Hack My Home (2023) Season 1 Review – Hack-jobs that’ll have Social services round in a flash

Season 1



Episode Guide

Secret Office Space Reveal
Open Concept Overhaul
Make Room For Four
Homeschool Hacks
Quadruplet Mayhem
Toddler vs. Teenager
Surprise Bedroom
Make Space for Family


“I don’t know anything about babies,” Our eccentric designer Mikel admits in episode 5, which pretty much sums up the entire series in one sentence. Hack My Home is a reality series promising to help American families utilize their home with innovative engineering jobs to save space. The trouble is, this innovation comes at the expense of basic things like child safety, hygiene and practicality.

Each episode is set-up in mostly the same way. Across the 30 minute chapters, we’re introduced to different families and the issues they’re having. They need more space, and in order to do so, there’s an expert team called in to transform their living space. Ati focuses on construction, Jessica on engineering, Brooks is the Weird-Al looking innovator while Mikel is the designer.

After spending some time looking at the different houses, the four head back to Headquarters and come up with various solutions through hand-drawn schematics, diagrams and discussions with builders or workers in that chosen field. They then get to work transforming the areas and then present that at the end of the episode. Rinse and repeat.

It’s a nice idea in theory and serves as your typical “chuck on a reality show while cooking dinner” series and Hack My Home feels designed to do just that. Why? Because if you pay attention to what they’re offering, there’s some shocking lack of safety and hygiene protocols.

In episode 4, which shows a cluttered house, the solution in one of the bedrooms is to use a pulley system, complete with string, a dangerous bunk bed with no safety bannister, and a steel spiral staircase hidden under the kitchen table leading down to the basement. Good luck when it’s freezing cold and condensation causes the stairs to become super slippery. And to top it all off? The kitchen table is left with stools with no backs… for young children. Genius.

Meanwhile, episode 1 sees some nice ideas (a quiet reading area transformed under basement stairs) muddied with “sleek solutions” like putting books in spine-first so you can’t read the titles. All the while, the play area is designed as a safe space to hang out and chill while Dad is working and mum is upstairs. On the wall within reach of the four boisterous kids? A dartboard. The camera even shows one of the kids curiously picking a dart up and examining it too!

If that wasn’t bad enough, the house in question has a massive garden completely overlooked in the grand scheme of things. You could easily install a sunroom with a play area, sort out electrics, maybe even a drinking fountain and a little fridge, and all the problems are solved in one fell swoop. 

What’s particularly frustrating with this show though is just how much potential there is. There’s some nice ideas in the works here, and a few of the episodes do have some nice solutions. Shadow cabinets hiding an alcove with more storage space behind, rotating tables used for multiple purposes, but they’re overshadowed by a distinct lack of authenticity and thought with things like safety. And for a show that’s supposed to be helping families, that’s difficult to overlook.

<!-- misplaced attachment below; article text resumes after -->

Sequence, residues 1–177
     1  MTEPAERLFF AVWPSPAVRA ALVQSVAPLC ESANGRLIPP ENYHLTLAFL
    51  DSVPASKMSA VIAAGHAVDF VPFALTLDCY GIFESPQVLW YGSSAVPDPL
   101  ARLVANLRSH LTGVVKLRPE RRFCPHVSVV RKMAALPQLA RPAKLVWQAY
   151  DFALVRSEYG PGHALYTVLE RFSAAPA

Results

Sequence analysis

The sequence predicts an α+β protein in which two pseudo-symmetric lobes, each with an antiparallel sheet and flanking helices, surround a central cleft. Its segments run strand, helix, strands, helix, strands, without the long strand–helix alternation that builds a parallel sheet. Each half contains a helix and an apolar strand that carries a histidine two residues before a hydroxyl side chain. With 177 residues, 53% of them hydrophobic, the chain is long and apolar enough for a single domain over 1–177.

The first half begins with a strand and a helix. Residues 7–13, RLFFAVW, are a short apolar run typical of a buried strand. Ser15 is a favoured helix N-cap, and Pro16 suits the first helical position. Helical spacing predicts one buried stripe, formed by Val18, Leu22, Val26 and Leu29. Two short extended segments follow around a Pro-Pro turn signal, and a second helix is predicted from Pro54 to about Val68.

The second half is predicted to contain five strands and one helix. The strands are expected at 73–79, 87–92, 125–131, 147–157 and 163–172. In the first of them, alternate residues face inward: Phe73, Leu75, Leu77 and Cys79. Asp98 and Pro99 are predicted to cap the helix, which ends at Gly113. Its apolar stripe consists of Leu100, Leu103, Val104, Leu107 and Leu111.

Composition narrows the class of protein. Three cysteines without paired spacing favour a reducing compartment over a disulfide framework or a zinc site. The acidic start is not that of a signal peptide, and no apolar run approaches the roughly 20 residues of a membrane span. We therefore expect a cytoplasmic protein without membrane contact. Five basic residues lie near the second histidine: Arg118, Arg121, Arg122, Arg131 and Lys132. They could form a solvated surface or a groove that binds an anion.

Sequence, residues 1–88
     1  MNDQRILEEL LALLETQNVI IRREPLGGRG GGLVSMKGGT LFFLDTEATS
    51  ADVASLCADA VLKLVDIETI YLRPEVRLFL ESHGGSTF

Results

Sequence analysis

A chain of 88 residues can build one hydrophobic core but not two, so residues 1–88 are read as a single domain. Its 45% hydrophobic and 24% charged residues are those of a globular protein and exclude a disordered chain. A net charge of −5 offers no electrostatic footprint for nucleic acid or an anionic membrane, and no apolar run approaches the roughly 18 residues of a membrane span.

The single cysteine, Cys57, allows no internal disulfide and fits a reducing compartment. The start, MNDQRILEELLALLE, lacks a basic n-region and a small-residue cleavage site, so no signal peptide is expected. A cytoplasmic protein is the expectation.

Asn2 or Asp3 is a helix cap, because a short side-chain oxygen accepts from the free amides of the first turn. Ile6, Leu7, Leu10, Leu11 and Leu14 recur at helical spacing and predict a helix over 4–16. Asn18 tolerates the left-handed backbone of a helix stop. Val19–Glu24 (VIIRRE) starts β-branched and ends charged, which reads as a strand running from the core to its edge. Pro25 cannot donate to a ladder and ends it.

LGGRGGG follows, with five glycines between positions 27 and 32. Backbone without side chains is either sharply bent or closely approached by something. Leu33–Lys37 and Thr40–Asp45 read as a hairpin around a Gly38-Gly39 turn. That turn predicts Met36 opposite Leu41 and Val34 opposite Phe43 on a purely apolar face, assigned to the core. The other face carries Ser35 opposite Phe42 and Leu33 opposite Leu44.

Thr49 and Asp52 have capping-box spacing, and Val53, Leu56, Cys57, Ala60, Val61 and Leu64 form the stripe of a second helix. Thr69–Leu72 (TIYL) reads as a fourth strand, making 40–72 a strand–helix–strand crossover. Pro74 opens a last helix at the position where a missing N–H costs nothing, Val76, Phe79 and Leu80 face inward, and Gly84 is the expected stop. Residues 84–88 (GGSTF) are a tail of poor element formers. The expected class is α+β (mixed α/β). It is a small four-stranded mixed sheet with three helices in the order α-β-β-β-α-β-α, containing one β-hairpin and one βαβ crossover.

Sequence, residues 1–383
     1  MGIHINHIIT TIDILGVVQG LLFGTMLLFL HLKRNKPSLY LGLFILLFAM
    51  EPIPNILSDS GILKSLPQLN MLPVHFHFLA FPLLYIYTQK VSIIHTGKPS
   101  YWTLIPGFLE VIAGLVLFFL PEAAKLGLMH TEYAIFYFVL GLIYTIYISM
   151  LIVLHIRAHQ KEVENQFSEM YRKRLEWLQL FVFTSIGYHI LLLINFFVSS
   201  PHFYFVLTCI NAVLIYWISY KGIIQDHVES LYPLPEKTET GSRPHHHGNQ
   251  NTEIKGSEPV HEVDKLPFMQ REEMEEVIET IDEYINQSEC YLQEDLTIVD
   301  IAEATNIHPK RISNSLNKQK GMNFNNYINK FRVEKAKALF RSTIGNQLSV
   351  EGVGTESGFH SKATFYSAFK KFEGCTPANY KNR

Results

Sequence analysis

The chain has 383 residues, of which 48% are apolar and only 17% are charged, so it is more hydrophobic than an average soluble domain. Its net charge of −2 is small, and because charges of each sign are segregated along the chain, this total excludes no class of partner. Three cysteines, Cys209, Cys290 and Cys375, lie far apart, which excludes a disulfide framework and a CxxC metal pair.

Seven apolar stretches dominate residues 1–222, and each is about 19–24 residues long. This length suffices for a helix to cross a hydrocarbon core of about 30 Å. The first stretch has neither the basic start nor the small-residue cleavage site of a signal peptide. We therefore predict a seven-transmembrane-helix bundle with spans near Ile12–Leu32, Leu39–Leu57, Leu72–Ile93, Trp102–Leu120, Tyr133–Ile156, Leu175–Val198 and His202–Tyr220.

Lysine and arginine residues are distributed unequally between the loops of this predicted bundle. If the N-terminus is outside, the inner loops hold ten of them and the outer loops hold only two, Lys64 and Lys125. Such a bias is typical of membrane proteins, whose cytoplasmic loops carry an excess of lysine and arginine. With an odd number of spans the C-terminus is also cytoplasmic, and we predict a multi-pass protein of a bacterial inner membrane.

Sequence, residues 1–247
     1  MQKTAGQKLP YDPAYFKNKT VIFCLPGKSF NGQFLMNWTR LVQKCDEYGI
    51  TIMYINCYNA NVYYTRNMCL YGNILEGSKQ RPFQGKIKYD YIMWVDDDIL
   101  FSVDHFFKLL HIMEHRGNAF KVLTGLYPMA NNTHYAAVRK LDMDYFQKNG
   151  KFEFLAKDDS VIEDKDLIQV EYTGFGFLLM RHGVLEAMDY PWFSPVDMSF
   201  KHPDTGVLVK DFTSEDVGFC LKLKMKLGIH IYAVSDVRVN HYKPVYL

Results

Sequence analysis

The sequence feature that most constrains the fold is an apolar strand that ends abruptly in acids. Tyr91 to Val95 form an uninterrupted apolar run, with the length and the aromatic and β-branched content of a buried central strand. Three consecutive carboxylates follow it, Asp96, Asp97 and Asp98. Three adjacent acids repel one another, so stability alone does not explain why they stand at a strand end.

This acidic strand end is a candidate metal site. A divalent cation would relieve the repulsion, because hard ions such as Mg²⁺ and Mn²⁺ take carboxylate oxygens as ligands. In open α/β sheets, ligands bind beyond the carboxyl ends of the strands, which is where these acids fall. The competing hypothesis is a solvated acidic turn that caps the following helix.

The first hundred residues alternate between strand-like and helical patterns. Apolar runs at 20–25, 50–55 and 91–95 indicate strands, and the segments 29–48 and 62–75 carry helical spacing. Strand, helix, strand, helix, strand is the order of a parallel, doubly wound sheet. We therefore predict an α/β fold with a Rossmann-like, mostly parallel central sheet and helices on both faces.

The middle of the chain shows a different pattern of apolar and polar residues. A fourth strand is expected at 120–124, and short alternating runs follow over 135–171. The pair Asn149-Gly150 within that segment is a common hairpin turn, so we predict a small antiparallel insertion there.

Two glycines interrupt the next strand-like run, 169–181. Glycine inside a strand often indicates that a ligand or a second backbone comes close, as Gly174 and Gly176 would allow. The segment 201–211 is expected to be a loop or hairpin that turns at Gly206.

With the exception of a few episodes, most of these spaces are actually massive too. The “innovations” they come up with are fine at best and outright dangerous at worst. Good luck to the team coming over to a studio apartment in the middle of London, or a lively family home in India, these guys would be lost. Unfortunately, this is more a hack-job than an ingenious solution. Skip this one.

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  • Verdict - 3/10

5 thoughts on “Hack My Home (2023) Season 1 Review – Hack-jobs that’ll have Social services round in a flash”

  1. I’m only 5 episodes in and I’m cringing. Safety issues left and right, overly complicated “solutions” to easily fixed problems, so much that makes no sense at all. Why would you put stairs in the middle of a nursery? Ropes in an infant/toddler room? Bunk beds with no guard rails? Changing tables that probably won’t support the babies after 3 months old? I wonder how fast they will get sued.

  2. I still would like to know where anything close to the ‘movable storage / entertainment center wall unit on tracks’ can be purchased.

  3. Episode 4 is absolutely terrible for children. I was shaking my head thru the whole thing. Pulley and rope situation in a child’s room. Children have accidentally hung themselves on window blind cords. I could tell Mom was like ummm that will not be staying in this room. Also I don’t even feel safe on a spiral staircase let alone having children use on a regular basis. As a parent I would have had no problem walking outside to enter the school room. I agree with the author and there may be lawsuits in the future due to their faulty designs.

  4. Wow, I would love to have some of the things used on this show. sounds like some of those reviewing it would prefer to live in a safe rubber room wrapped in protective clothing. Total fun spoilers. Real parents can teach their kids safety.

  5. I watched for the reveals, but stayed to see just how bad the jobs were. The beds and items that fold out or pull out.. waiting for small fingers to trap. My goodness ans the plywood and rubbish paint jobs… they should be ashamed of these!

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